Quartet seal spots in quarter-finals

  • Plain sailing: Eric Monnin and his crew successfully secured one of four spots in the quarter-finals of the 69th Argo Group Gold Cup in yesterday’s repechage round (Photograph by Charles Anderson)

    Plain sailing: Eric Monnin and his crew successfully secured one of four spots in the quarter-finals of the 69th Argo Group Gold Cup in yesterday’s repechage round (Photograph by Charles Anderson)


The repechage round of the 69th Argo Group Gold Cup was expected to produce close-quarter racing as eight teams fought for one of four spots in the quarter-final round. And it delivered.

With a gusty and shifty northeasterly breeze changing headings nearly every second, skippers Chris Poole of the United States, Lucy Macgregor of the United Kingdom, Ettore Botticini of Italy and Eric Monnin of Switzerland led their crews to the quarter-finals of the $100,000 match-racing regatta hosted by the Royal Bermuda Yacht Club.

It is the second consecutive year that Macgregor and Botticini have forged this path to the quarter-finals.

Poole won the round with a 5-2 record and was largely unscathed in his seven races. Macgregor also finished with a 5-2 record but had one half point deducted from her score for a collision in her final match. Botticini and Monnin both advanced after a three-way tiebreaker.

Monnin, the runner-up at the 2014 Argo Group Gold Cup, might have summed up all four skippers’ emotions the best.

“It would’ve been nice to advance to the quarter-finals after the round robin, it would mean that you’re sailing well,” he said. “But I also think the repechage is good to get extra practice.

“I think we are much more ready for tomorrow now than if we had been that lucky in the round robin.”

Previously Ian Williams of the UK, Torvar Mirsky and Harry Price of Australia and Johnie Berntsson of Sweden advanced to the quarter-finals by placing in the top four in the opening round robin.

By winning the initial round robin Williams earned the right to choose his opponent in the quarter-finals and he selected Botticini. Berntsson selected Poole, Macgregor and Monnin will race each other and, in a surprise, Mirsky selected Price.

Common theory suggests that the first four qualifiers select a skipper from the repechage round because they might not be at the same level of skill. But they do come in with more practice, seven more races to be exact.

Mirsky advanced to the semifinals last year through the repechage round and that experience led in part to his decision to race the world No 3-ranked skipper who blazed through the opening day in Bermuda.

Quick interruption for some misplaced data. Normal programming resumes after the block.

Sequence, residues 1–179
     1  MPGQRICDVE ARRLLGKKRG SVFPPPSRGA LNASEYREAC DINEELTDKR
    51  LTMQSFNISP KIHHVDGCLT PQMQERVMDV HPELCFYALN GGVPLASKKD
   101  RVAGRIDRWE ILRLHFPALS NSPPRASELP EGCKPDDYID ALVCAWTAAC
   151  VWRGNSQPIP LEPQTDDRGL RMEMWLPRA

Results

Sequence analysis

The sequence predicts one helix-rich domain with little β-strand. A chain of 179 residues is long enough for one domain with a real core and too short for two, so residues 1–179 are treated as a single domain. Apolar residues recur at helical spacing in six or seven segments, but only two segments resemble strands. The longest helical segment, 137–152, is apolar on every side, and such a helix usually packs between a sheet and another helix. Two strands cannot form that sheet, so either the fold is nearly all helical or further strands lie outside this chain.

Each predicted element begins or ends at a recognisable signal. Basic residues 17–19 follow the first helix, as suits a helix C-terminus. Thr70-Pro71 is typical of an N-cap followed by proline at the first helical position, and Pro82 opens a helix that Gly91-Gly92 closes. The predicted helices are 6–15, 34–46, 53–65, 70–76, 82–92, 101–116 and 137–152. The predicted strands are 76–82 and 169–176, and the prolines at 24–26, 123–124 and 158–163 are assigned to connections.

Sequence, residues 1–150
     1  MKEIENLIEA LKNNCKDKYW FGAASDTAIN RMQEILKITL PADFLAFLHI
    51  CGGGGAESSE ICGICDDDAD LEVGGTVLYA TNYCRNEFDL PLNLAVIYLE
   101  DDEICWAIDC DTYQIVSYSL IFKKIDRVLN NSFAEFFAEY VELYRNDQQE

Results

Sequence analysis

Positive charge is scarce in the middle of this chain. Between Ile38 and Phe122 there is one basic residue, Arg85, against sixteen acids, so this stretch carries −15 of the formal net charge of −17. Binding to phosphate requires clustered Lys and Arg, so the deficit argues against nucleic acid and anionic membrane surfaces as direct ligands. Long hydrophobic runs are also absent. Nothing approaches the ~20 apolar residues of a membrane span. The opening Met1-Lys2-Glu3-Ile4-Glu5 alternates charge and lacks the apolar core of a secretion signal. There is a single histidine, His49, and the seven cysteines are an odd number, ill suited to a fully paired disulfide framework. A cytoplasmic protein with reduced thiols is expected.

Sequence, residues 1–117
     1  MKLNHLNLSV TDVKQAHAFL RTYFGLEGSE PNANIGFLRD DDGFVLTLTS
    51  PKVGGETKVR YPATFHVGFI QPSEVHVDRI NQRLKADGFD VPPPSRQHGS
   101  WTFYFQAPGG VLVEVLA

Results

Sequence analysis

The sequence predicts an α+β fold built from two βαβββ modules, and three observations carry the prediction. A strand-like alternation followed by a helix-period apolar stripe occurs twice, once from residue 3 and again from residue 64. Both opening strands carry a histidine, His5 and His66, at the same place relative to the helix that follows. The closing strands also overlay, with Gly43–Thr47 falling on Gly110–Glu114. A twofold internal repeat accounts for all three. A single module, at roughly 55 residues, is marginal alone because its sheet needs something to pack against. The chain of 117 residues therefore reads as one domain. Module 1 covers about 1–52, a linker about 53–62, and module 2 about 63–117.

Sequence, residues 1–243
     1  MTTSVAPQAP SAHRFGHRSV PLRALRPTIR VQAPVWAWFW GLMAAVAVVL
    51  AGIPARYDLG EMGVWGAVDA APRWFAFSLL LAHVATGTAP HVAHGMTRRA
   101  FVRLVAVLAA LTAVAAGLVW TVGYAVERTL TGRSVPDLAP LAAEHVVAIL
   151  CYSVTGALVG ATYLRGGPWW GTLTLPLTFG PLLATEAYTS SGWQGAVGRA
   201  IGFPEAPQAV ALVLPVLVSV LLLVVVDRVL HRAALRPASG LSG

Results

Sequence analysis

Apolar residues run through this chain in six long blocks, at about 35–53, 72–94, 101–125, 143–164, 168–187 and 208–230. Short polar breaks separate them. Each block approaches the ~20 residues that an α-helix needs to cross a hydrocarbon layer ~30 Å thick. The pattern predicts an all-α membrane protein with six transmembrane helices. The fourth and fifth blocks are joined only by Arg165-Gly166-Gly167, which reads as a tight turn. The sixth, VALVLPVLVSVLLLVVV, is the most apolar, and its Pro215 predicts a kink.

“We wanted to sail someone who didn’t race today,” he said. “We didn’t want to sail someone who had the extra practice of the repechage.”

For Botticini, advancing to the quarter-finals is cathartic. Last year’s winner of the Jordy Walker Award for most improved crew at the Argo Group Gold Cup lost his way this year on day one after a significant collision with Poole. Botticini thought Poole altered his course, as evidenced by Poole’s bow riding into his boat between the boom and the deck. Botticini was further upset when the international jury penalised him 0.33 points for failure to keep clear.

The incident rattled Botticini and he lost his focus. But after finishing the repechage at 4-3, he feels back on track.

“We had some unlucky events during this week but have been strong enough to come back,” said the 23-year-old skipper who’s the reigning youth match-racing champion.

“Today we improved a lot and beat the best teams in the repechage. We’re happy to be back in the game. This time we will do better than last time.”

The fine line of living to race another day or having to book an earlier plane ticket home was never more evident than in the match between Macgregor and Pauline Courtois of France in the final flight of the round.

Macgregor held a 4-2 record and Courtois was at 3-3.

If Macgregor won, she would advance. If Courtois won, they both would drop into a five-way tie and have to rely on countbacks to advance. Courtois led around the first windward mark but only by half a boatlength and with a penalty in hand.

According to the on-water umpires Macgregor had scraped the Frenchwoman’s transom during a tack early on the upwind leg.

The pair went around the right-hand mark of the leeward gate in similar fashion, with Macgregor close on Courtois’s transom.

After a succession of about three tacks Macgregor was able to unload her penalty when she luffed Courtois and the Frenchwoman did not respond quickly enough. Macgregor then got to the right side of Courtois and took the lead. Macgregor would hold onto that lead to win the race and ensure advancement.

While defeat is a bitter pill advancement is elation, as Poole described.

“We’re feeling good. We took five wins and our two losses were on mistakes that we could’ve avoided,” he said. “This is a new crew for me, but we’ve been getting more in sync every day.

“We’re coming off the water and happy to have the extra seven races of practice. We’re happy where we’re at and excited to see what happens in the quarterfinals.”

Racing resumes today on Hamilton Harbour with the quarter-final round. The winner of each match will be the first to score three points.

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Published May 10, 2019 at 8:00 am (Updated May 10, 2019 at 12:35 am)

Quartet seal spots in quarter-finals

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